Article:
After the Fukushima Daiichi nuclear power plant meltdown the government of Germany pledged to eliminate nuclear from its energy mix by shutting down 8 plants immediately and the remaining 9 by 2022. Did this Germany would go back to coal-fired or natural gas power plants?
Not so. Germany, based on the latest data, appears to be building its renewable energy capacity quite rapidly. Today it leads the world in solar power generation and its no slouch when it comes to wind either. In July of 2011 Germany actually had to pay customers to remove power from the grid when its wind farms pumped out nearly 12,000 megawatts of power with wind speeds averaging 15 kilometers (9.3 miles) per hour. And in the last few months German solar generated power has come close to 20 Gigawatts of power generated during daylight hours. In the last week for the first time German solar generated more than 22 Gigawatts of power at mid-day. It wasn’t a workday and as a result met close to 50% of the entire country’s mid-day electricity needs. The ability to generate numbers exceeding 20 Gigawatts represents solar capacity growth of better than 50% in the last year with 26 Gigawatts currently installed, as much as the rest of the world combined.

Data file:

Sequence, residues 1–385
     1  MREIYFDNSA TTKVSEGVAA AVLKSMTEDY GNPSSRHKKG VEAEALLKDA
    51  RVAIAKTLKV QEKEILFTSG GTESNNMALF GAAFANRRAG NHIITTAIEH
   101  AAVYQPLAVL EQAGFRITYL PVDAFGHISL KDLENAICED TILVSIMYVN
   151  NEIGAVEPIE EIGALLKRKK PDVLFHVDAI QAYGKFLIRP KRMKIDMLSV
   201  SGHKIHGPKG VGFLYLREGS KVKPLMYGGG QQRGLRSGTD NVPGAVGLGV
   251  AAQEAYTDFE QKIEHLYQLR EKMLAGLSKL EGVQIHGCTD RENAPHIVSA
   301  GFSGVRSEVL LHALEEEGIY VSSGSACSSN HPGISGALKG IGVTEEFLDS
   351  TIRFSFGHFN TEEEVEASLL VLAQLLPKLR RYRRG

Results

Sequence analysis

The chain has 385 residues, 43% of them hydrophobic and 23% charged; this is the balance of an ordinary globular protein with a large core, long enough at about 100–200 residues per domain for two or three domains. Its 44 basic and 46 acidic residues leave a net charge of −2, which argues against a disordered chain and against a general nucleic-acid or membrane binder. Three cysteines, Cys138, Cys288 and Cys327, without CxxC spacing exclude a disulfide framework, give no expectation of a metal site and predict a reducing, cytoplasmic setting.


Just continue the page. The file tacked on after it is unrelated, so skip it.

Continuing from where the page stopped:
The challenge for Germany remains one of creating a stable supply of electricity from these renewable sources. That will only be accomplished when solar and wind are integrated with inexpensive and reliable storage technology that can capture excess power generated and feed it back into the grid when solar and wind are unavailable.
Using solar and wind has produced a carbon emission benefit with the country on track to reduce its carbon footprint by 40% from 1990 levels by 2020.